Teenage years are a preparation for responsibility, not for irresponsibility. To get married, there is going to be a dowry to pay and that dowry will require years of work! When we see teenage years characterized by irresponsibility, we know we have missed the mark. Parental supervision is designed to train toward responsibility. It is a time of warfare Young people are built for warfare Ps 8: If he can destroy the preparation for marriage among teens and singles, he can destroy countless homes and families later on.
The foundations have been undermined.
Start preparing for a successful marriage by following God’s plan for courtship
The flood tides of filth and sensual temptation are destroying future marriages before they even begin. The enemy can be resisted, however. Young people are built for war! To be a force against evil, we need to train an innocent generation. But people are afraid that our children will be naive and not know what's going on in the world. That's how they are supposed to be! As soon as they know what's going on in the world they are seared by it, but when young people are distinctively pure they offer a powerful unique example.
The time of one's youth provides the greatest opportunity, while carrying the least responsibilities, to damage the enemy's kingdom. That is why the bible talks about singleness as a gift, and as a good gift at that. Teenage years preoccupied with dating are the worst of both worlds. There is the care of worrying about your partner or a succession of partners without the benefits of marriage, and there is no freedom to serve God without distraction either.
It is a time for prayer Teenagers should be praying for a husband or a wife, not a boyfriend or a girlfriend. So should their parents on their behalf, because finding a partner is a matter of faith, not striking lucky when playing the field.
It does not necessarily require being part of a large crowd. For example, see Ruth 2: It is a time for teamwork One factor in high divorce rates is that couples build relationships on the basis of romance, not of working together. Adam and Eve met and married in the context of work, hence the word "helpmeet. Sadly, too many young people learn to live for themselves and their own pleasure. They don't know how to work for the common good, to work as a team. They will take the same self-centredness into marriage because they do not know the fulfilment of accomplishing something together.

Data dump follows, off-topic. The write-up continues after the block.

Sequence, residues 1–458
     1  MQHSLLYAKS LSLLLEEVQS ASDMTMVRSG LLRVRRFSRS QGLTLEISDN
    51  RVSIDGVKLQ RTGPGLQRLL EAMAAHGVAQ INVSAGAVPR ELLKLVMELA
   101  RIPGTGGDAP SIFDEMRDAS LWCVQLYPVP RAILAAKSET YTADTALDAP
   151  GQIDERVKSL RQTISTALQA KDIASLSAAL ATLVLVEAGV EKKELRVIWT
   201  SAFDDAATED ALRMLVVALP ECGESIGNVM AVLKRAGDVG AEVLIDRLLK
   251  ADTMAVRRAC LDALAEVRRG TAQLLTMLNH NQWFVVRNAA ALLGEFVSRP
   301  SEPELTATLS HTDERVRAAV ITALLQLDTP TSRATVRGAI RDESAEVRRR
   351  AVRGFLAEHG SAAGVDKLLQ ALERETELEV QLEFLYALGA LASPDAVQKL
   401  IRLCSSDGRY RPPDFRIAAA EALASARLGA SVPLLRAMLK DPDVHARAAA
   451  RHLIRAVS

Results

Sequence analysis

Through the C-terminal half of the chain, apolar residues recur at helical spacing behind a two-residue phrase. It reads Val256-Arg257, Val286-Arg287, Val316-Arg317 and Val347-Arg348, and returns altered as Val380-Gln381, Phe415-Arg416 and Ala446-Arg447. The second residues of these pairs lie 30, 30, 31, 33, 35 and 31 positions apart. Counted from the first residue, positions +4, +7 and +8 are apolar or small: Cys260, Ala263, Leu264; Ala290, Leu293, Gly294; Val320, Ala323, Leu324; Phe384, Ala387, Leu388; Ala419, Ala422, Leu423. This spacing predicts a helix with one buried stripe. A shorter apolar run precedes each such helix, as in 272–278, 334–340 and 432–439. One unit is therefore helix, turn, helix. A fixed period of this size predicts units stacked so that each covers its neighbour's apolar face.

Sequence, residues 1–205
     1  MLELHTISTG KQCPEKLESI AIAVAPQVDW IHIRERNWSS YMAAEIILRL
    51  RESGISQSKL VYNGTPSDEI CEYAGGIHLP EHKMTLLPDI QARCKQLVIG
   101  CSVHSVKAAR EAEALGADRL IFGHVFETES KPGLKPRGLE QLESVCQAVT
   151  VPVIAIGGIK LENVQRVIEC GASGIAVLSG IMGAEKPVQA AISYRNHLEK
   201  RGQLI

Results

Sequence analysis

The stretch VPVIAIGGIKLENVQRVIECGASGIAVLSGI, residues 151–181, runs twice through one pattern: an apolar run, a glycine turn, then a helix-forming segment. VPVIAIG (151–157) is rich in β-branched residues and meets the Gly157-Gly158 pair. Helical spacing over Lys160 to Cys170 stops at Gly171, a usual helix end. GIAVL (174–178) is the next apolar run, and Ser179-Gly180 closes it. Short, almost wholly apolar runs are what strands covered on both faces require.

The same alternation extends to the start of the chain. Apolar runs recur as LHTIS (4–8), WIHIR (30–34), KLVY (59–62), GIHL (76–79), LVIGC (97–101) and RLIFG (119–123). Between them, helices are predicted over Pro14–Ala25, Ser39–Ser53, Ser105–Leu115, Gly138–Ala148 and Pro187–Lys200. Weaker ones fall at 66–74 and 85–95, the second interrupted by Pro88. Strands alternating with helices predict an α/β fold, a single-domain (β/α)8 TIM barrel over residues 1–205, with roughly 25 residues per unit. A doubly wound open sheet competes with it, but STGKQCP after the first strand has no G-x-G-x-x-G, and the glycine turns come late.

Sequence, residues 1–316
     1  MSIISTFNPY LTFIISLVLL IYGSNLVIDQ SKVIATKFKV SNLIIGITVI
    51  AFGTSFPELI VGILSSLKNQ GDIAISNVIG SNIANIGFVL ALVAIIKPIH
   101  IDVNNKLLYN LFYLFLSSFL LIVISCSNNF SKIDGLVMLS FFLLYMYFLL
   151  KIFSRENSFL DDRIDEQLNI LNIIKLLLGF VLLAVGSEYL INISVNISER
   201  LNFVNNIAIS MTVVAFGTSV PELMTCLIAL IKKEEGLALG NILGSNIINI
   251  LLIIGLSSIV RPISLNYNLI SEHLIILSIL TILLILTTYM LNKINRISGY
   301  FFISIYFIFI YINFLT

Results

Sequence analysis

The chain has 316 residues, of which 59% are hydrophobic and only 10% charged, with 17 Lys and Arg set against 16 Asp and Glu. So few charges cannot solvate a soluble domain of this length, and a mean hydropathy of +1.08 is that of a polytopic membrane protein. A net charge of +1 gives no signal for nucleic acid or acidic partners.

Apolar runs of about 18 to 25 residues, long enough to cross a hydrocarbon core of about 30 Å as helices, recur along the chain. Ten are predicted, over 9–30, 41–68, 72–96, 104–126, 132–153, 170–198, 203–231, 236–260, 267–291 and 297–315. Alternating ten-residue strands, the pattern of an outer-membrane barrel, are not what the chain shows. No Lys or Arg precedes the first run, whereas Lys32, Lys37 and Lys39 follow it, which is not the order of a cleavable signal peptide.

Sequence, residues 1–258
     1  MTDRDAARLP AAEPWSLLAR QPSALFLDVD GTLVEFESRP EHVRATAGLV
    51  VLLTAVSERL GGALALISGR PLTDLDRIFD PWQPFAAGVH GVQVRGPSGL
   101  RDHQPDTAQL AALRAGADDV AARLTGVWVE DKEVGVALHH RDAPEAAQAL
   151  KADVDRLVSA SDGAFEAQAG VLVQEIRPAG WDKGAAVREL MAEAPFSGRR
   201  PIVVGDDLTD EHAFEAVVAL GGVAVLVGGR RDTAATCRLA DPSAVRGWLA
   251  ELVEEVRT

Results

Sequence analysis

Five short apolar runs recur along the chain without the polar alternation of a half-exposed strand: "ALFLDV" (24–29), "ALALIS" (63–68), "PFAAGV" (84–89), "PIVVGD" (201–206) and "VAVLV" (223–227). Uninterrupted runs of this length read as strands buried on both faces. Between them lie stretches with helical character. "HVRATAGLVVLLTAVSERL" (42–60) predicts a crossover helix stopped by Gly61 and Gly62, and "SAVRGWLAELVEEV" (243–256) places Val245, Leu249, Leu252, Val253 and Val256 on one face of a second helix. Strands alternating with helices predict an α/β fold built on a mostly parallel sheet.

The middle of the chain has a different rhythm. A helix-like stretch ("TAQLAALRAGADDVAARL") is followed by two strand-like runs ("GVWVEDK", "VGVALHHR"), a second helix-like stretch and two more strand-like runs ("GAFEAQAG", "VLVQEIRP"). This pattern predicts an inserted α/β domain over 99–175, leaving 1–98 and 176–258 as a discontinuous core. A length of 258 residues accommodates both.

The first place to learn teamwork is the family, then there comes the need for group projects such as team ministry. Team ministry requires some external purpose, a reason for sacrifice.
When that vision is clear, self-denial is possible and working together begins. It opens up the possibility of far greater success than we can achieve on our own, and it is the best context in which to build friendships rather than the modern preoccupation with talking about relationships. When you focus on knowing one another, you become introverted.
She was his perfect mate. She was therefore called — woman.
The Essential Do’s and Don’ts for Courtship and Dating
Ric did a good job of presenting the real struggles and challenges that happen in our modern dating practices. This was illustrated by the poor choices of Samson in the way he chose a wife. It was approached in an unbiblical manner and he suffered as a result. Not only did Samson suffer — so did his people.
In conclusion, Ric did a good job of explaining the need to make wise decisions and to go about the process of selecting a mate in a manner that honors God.
He likewise encouraged parents to begin now by praying earnestly for our children and their future spouses.